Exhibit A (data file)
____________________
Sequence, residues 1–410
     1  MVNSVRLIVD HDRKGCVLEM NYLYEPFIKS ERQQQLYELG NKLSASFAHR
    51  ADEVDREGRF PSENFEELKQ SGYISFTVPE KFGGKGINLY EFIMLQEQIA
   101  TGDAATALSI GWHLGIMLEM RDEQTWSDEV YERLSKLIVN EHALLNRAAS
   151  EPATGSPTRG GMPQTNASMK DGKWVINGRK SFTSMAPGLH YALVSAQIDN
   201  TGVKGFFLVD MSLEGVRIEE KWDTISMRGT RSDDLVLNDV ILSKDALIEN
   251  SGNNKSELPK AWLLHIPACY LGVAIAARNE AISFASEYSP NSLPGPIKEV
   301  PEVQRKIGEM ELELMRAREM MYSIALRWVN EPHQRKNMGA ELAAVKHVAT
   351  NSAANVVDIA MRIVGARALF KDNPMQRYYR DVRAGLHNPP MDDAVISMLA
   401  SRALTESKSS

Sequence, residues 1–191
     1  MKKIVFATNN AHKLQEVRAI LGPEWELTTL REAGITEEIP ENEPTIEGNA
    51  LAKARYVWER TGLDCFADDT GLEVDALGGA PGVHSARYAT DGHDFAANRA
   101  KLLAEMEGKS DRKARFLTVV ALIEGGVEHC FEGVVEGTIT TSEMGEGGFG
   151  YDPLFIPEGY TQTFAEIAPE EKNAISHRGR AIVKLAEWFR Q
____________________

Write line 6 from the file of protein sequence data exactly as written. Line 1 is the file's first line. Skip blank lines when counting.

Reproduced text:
   201  TGVKGFFLVD MSLEGVRIEE KWDTISMRGT RSDDLVLNDV ILSKDALIEN